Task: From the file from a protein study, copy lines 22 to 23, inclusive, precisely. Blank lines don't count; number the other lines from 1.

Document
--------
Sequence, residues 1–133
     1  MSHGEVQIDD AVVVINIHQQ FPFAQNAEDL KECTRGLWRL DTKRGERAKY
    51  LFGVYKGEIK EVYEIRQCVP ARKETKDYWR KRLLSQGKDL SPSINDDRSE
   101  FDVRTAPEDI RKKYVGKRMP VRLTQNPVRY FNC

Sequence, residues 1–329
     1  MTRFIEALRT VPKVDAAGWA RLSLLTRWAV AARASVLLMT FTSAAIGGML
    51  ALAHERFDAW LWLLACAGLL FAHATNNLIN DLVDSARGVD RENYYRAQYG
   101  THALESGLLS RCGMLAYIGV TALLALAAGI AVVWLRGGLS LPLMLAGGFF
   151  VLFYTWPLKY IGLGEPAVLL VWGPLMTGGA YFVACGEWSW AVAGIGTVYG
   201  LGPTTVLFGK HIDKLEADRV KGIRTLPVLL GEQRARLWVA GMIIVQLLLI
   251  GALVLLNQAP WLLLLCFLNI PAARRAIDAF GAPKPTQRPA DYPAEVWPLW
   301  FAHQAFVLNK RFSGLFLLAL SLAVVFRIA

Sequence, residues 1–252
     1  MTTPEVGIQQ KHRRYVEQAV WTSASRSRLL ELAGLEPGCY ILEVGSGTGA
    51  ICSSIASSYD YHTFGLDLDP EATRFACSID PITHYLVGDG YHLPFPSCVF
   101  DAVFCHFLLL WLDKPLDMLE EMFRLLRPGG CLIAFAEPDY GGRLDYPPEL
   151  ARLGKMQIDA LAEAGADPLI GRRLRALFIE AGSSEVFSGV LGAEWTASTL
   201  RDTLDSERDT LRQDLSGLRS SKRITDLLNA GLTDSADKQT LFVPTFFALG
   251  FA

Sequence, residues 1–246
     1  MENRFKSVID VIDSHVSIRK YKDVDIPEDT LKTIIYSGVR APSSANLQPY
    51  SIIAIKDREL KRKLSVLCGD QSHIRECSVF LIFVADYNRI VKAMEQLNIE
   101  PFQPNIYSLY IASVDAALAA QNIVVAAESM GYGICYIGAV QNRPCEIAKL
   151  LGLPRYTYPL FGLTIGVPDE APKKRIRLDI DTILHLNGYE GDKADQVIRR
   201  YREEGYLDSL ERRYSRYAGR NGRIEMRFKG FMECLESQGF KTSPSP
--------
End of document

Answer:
    51  SIIAIKDREL KRKLSVLCGD QSHIRECSVF LIFVADYNRI VKAMEQLNIE
   101  PFQPNIYSLY IASVDAALAA QNIVVAAESM GYGICYIGAV QNRPCEIAKL